Litigation and Medical Funding: The Often Overlooked but Critical Distinction Between Discoverability and Admissibility
Litigation and medical funding have been hot topics in the legal world for some time. In its most basic form, litigation funding allows a plaintiff to obtain a cash advance from a third-party lender while their case is pending to cover expenses like medical bills, while medical funding primarily assists the medical provider by purchasing that provider's accounts receivables at a much lower rate, providing immediate payment to the provider (versus the provider having to wait until settlement of plaintiff's case), and allowing the plaintiff to treat on a lien basis. In exchange, the plaintiff agrees to repay the third-party lender from any proceeds recovered. Typically, these advances are non-recourse - meaning that the lender is not entitled to any amount above what is recovered or is not entitled to any recovery if the plaintiff does not recover. However, as noted by multiple sources, the involvement of these companies as sources of funding for litigation has raised serious ethical concerns, including allowing a third-party to exercise influence or control over the litigation. ... Continue Reading
Starting and running a business is a complex venture that comes with many daily challenges. But, long-term planning to ensure a smooth transition out of a business is an even greater challenge, one that is often ignored until it is too late. Some entrepreneurs start out with the assumption they are going to sell their company within a few years, but this usually does not happen, and unfortunately, most business owners do not have an end-game. The most common reasons entrepreneurs and business owners lack of long-term planning are: (i) fear of failing in the short-term; (ii) day-to-day operations keep them busy, preventing them from focusing on their long-term goals; (iii) they do not have a clear idea of what to do with their business, specifically whether to sell to management, employees, or a third-party, or pass it on to their children. ... Continue Reading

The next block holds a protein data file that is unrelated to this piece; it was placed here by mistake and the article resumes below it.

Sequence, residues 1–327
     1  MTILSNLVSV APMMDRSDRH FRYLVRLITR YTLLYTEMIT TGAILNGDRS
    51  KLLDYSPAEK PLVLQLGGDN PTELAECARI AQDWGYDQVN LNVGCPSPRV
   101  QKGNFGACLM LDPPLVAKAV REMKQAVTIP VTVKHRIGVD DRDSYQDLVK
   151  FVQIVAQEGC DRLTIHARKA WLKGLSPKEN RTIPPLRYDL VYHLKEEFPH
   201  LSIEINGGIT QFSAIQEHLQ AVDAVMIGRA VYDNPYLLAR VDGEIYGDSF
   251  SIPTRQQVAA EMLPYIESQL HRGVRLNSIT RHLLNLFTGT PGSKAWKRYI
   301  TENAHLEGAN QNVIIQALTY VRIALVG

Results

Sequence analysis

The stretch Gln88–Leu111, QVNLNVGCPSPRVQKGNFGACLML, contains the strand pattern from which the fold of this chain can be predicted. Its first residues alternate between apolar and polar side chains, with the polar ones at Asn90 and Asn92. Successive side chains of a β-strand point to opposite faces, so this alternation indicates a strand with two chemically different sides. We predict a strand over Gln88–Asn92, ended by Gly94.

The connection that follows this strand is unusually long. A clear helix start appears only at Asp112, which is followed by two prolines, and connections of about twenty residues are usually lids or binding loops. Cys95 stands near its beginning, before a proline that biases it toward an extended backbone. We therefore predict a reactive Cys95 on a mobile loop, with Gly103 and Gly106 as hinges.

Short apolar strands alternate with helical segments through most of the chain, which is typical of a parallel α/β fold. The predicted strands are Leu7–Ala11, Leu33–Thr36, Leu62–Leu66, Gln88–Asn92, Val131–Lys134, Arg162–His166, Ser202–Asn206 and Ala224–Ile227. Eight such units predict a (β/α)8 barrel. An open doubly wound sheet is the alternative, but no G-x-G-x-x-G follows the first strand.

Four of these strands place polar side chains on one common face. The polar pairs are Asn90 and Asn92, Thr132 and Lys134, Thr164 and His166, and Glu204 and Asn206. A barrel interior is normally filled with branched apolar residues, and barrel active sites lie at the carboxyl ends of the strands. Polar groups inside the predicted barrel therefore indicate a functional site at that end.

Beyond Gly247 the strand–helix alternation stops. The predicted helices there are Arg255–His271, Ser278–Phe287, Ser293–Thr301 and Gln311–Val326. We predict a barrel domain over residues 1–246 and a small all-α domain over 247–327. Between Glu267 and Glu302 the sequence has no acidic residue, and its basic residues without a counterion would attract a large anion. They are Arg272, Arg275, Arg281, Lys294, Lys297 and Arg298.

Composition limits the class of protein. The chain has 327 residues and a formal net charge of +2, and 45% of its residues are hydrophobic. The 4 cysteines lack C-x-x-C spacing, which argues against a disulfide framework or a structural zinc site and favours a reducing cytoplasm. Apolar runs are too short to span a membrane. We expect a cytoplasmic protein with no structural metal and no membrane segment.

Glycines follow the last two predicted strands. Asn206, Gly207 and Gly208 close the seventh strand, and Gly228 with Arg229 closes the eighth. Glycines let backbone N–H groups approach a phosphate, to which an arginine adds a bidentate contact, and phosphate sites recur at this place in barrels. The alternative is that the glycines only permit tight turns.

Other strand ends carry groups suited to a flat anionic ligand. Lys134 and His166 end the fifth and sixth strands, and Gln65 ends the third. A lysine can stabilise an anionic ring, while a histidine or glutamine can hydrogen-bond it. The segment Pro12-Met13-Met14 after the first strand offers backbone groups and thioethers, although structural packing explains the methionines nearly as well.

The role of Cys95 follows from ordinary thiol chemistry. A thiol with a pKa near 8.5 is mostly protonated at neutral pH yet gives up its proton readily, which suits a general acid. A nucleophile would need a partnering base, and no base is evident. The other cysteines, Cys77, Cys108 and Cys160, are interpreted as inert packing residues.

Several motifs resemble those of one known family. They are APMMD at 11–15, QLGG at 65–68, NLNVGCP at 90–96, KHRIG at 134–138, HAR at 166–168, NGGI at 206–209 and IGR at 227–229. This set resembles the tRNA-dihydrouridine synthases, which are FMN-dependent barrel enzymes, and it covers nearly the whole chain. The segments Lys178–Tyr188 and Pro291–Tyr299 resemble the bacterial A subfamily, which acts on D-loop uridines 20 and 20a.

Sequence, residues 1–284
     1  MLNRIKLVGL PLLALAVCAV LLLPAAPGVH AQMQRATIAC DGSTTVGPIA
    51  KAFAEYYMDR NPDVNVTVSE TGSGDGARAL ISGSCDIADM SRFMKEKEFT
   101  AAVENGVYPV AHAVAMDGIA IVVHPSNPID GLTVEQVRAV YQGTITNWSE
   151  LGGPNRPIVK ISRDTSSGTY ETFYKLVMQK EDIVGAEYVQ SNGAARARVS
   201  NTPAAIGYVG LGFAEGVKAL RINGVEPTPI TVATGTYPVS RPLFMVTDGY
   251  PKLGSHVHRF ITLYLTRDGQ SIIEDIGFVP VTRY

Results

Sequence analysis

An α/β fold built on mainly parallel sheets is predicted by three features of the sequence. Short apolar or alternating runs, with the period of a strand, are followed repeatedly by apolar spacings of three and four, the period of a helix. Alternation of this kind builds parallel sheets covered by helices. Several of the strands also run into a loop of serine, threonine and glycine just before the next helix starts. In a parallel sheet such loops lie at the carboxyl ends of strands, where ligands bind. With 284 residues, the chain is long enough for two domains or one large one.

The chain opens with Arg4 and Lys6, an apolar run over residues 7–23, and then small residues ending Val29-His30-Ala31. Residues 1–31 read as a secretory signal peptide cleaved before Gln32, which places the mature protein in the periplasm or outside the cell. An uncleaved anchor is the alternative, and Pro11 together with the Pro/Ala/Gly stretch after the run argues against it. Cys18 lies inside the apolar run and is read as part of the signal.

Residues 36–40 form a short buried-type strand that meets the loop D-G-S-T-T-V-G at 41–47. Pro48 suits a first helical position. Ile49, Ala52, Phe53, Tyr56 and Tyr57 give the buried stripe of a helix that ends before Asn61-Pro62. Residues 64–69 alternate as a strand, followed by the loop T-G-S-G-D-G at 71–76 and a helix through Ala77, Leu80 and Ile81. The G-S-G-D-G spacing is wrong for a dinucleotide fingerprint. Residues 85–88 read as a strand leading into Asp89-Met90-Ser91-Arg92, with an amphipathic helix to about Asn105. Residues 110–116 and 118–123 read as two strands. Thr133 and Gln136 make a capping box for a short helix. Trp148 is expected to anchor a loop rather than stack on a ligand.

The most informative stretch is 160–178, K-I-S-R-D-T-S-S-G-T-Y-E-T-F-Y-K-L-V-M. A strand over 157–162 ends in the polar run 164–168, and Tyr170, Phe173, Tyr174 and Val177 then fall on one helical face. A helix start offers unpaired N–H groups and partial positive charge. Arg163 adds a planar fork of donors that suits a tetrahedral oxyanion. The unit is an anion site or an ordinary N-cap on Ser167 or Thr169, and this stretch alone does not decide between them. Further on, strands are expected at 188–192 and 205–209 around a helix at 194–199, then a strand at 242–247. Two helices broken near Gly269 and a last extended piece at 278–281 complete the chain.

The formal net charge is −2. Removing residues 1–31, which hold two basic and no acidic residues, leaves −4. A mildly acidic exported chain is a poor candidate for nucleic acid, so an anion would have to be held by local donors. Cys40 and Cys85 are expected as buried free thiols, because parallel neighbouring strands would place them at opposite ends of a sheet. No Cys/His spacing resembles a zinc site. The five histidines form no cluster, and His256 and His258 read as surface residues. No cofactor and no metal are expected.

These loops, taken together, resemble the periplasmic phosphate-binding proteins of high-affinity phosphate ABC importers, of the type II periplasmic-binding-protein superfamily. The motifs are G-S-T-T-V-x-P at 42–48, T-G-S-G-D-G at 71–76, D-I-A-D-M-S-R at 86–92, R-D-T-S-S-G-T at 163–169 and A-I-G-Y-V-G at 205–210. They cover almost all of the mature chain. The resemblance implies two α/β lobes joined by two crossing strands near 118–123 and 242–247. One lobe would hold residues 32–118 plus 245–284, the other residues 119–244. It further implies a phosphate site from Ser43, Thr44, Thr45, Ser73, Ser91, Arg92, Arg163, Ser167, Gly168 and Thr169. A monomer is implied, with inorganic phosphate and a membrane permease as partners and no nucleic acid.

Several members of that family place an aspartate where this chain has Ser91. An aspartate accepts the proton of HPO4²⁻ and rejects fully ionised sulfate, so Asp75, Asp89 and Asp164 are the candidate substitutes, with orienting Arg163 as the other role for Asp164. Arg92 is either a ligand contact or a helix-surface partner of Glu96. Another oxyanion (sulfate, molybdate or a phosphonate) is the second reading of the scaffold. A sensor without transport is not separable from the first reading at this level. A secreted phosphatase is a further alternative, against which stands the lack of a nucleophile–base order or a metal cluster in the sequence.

Steve Miller, serving as counsel for Milliken & Company, urge the high court to reverse the Court of Appeals decision, arguing that it "overrides the plain language of Georgia's antiindemnity statute," Georgia Code § 13-8-2 (b). That statute prohibits only indemnity agreements "1) where the injury is caused by or resulting from the 'sole negligence' of the indemnitee," which in this case would be Milliken, and "2) that relate to the construction, alteration, repair, or maintenance of a building structure, appurtenance, or appliance." ... Continue Reading
Not every communication that falls within the scope of the attorney-client privilege is entitled to protection. ... Continue Reading
The Journal is a publication for the clients of Drew Eckl & Farnham, LLP. It is written in a general format and is not intended to be legal advice to any specific circumstance. Legal Opinions may vary when based upon subtle factual differences. All rights reserved.
H. Michael Bagley